A dream lineup of mould-shattering Japanese superbikes live in this ultimate seventies man-cave, hidden somewhere in rural south-eastern England. It’s the two-wheeled version of the dream pads inhabited by the Double-Deckers, the Banana Splits, or even the Goodies. Step inside his world for a while...
feel like I’ve just munched an entire bag of Revels and not found a coffee-cream among them. In the space of one incredible day, I’ve ridden a Kawasaki Z1 and H2, a Honda CBX and Goldwing, a Suzuki GS1000 and GT750 and that epoch-making pair, the CB750 and CB500. They belong to Paul Brace, a man who follows a strict formula to determine the exact number of Japanese superbikes he needs: n + 1 (where n = the amount of motorcycles he currently has).
Paul’s place feels like it has the lot: amid multiple H2s and Z1s, and the other icons such as a 750 Sei, RD400 and 400/4, there's a pool table, a beer cabinet and a lairy orange sofa which matches an immaculate Bond Bug. There's also a Datsun 240Z, to add some car-shaped Japanese craziness to the two-wheeled muscle. Seventies tunes are piped through Paul’s sound system. The walls are lined with Seventies icons such as Debbie Harry, Johnny Rotten, and Jims Hendrix and Morrison. Look even closer and you'll also see plenty of period ads with – cover your 21st-century eyes – scantily clad women draped over the bikes. Oh, and there’s a spacehopper and a Raleigh Chopper.
This is no retro mausoleum, though; it’s a fun-house for a constantly evolving obsession. “My goal is to find a cracking example of all the bikes I either owned once and would like again, or dreamt about having, or that I fancy today,” says Paul who, as a hobby runs the Proper Bikes website. “Occasionally I find a better example of what I already have, or I simply don’t gel with a bike. In that case, I put a price on it and sell it on. It keeps the collection alive.”
Keeping the ride alive
Paul created his man-cave inside a rural barn when his collection outgrew his suburban garage. The machines are mostly low-mileage and unmolested. “I much prefer unrestored bikes,” he says. “Japanese motors often don’t feel as good when they’ve been dismantled and rebuilt. I have yet to ride a restored one that is anything like as good as the few that haven’t come to bits.” The weather outside is broiling hot and stormy. We’ve got a busy day’s bike-sampling ahead, but which machines to choose? It’s the ultimate kid-in-a-candy shop question. There’s no way physically to get all the bikes ridden properly.
We decide to pick ones that tell the story of seventies superbiking from start to finish. What unfolds is a unique opportunity to experience the huge contrasts that came on tap in the ultimate decade of power-biking innovation. My brief was to persuade Paul to rank his seventies epoch-makers in order of preference. However, he resolutely refuses. “I just can’t,” he argues. “They are all such different characters and they each scratch a different itch.”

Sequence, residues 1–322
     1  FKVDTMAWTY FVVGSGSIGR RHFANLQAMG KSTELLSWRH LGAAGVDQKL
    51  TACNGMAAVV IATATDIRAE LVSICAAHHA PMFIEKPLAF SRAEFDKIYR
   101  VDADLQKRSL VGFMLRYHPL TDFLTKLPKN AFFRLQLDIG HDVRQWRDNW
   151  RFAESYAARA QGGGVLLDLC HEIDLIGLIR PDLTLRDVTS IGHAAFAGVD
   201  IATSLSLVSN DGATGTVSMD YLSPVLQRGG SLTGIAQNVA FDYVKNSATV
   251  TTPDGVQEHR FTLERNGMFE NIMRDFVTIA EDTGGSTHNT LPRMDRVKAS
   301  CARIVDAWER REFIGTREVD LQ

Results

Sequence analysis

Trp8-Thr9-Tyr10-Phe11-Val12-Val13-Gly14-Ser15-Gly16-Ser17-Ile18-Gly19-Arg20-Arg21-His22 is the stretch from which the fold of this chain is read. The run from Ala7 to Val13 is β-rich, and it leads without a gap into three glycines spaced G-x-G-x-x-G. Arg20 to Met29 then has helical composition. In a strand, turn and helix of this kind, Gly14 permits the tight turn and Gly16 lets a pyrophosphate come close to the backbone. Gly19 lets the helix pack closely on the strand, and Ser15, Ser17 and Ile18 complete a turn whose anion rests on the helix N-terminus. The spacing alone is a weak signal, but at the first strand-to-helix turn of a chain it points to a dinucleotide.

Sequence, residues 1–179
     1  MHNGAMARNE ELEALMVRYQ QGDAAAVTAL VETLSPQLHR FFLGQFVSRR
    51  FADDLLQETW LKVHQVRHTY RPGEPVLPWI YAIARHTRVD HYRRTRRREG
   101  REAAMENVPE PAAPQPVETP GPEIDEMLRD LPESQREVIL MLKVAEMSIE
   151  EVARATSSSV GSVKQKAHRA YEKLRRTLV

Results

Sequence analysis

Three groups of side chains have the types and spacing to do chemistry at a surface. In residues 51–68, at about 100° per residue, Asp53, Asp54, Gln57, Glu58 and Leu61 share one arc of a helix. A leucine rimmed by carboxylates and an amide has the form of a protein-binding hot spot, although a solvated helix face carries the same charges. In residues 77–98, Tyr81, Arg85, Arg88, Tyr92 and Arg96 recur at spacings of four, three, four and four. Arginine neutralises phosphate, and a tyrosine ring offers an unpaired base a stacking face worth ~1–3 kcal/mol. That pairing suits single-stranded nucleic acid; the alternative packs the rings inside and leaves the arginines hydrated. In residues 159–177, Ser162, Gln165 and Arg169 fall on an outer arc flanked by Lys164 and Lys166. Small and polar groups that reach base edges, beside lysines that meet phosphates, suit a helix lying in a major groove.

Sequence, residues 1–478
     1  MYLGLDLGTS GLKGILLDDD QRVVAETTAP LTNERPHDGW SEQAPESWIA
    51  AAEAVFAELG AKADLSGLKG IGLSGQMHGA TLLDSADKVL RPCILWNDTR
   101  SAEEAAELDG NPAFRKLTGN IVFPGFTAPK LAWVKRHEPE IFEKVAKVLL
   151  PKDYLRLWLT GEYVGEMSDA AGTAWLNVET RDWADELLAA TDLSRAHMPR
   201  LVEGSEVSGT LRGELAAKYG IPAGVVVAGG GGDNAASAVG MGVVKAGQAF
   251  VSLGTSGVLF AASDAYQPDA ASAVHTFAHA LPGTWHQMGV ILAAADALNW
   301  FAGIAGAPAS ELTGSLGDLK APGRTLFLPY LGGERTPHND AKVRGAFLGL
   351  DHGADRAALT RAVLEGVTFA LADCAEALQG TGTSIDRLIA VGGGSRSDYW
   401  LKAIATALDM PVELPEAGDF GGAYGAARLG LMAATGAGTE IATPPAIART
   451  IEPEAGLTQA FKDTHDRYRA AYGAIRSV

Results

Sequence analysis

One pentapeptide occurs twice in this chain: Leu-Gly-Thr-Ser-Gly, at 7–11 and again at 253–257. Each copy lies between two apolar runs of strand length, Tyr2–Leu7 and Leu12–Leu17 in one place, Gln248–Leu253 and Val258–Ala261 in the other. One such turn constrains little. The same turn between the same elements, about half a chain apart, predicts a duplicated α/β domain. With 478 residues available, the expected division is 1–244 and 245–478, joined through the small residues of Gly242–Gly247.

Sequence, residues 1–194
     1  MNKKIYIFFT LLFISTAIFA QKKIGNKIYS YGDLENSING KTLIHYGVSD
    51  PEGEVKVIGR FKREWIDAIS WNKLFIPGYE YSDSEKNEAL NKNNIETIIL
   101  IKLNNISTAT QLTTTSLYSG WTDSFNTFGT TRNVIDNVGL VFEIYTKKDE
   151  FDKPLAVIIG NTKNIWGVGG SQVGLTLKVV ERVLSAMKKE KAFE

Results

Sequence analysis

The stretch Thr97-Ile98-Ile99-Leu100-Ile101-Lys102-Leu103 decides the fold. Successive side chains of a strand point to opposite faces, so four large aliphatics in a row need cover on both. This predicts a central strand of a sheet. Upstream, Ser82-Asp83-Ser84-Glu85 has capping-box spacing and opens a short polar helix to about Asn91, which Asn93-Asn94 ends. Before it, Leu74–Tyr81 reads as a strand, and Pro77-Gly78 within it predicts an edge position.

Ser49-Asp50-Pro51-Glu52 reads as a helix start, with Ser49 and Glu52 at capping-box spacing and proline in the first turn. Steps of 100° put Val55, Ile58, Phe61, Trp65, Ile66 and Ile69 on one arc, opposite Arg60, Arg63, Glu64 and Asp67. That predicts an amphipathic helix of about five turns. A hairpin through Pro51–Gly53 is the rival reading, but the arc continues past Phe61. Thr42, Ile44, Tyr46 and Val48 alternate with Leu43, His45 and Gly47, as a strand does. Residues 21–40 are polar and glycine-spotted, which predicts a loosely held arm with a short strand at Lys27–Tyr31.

Ha, I thought, I’ll list my own – based on the day’s riding, plus a lifetime of prejudices. But Paul’s opinion turns out pretty well spot-on. Seventies superbikes they may all be, but they are all so different that you can’t really compare them, only bask in their amazing diversity.
If you want to try compiling your own rankings, you can see all the bikes being ridden and admired on a YouTube film we made of the day (The Story of Seventies Superbikes). If you learn nothing else, you’ll see a grown man fall off a Raleigh Chopper while attempting an ill-advised wheelie. Yes, that was me. I’ve still got the scars to mark an unforgettable day’s experience.
1976 Honda Goldwing GL1000
Paul: I used to loathe these bikes and would never dreamed I would own one – they just looked so lardy. Now I’ve got two of the things. I had a weird desire for one a couple of years back and became increasingly intrigued to discover what they rode like. It took ages to find a nice one that wasn’t too high-mileage and in unmolested condition like this. Was it worth the hunt? Definitely. They are lovely to ride; smooth, quick and surprisingly agile. It has given me aspirations of touring Ireland or Scotland on it with my wife, Julie. It would be a delight if the pilot jets offered a little more resistance to getting blocked though – I am so fed up with cleaning carbs.
John: I’ve avoided old Goldwings for decades. Thanks not least to contemporary road testers labelling them pointless behemoths, which does beg the question: should the Wing even be included in our list as a true superbike? One trip is enough to say hell yes. This is the biggest surprise of all the bunch. I was expecting a lardy old Bertha and instead got a magic-carpet express ride. The bike’s low centre of gravity – thanks to the sunken fuel tank and flat-four motor – make the Wing surprisingly slingable (you wouldn’t want to push your luck, though). It also gets an excellent hurry-on down the straights of Paul’s lumpy local A and B roads, simply giving a broad-shouldered shrug when encoutering each bump and dip. If you get silly with the gearbox, it will protest at the rear with a lurch of torque reaction from the shaft drive, but it never gets the bike out of shape. In similar manner to the way Honda’s CB750 gently introduced riders to the world of superbiking, the Wing was a no-tears taster for the new world of super-touring.
1973 CB750 K3
Paul: The CB750 never really had much appeal in my youth as it was so staid. I wasn’t desperately keen for one nowadays, but how can you have a Seventies superbike collection without the first of the breed? If I found a 1969 KO as nice as this K3, I would be keen to change purely for the enhanced collectability. But I am not fussed enough to pay the ‘sandcast’ premium. A mate, James Harrington, is an expert on old Hondas and always has plenty. He supplied me this lovely original low mileage ’73. The first ride was a big surprise – smooth engine, light controls and way more nimble than I expected. They don’t have enough power to set the world on fire but I enjoy riding it and the CB750 has a solid place in my collection. James also supplied me with an incredibly untouched K2 model as well. But I normally ride home in the dark and the right-hand dip-switch is just ridiculous. I would love to know the reasoning for such poor ergonomics and I am not surprised there was a factory bolt-on left-hand switch.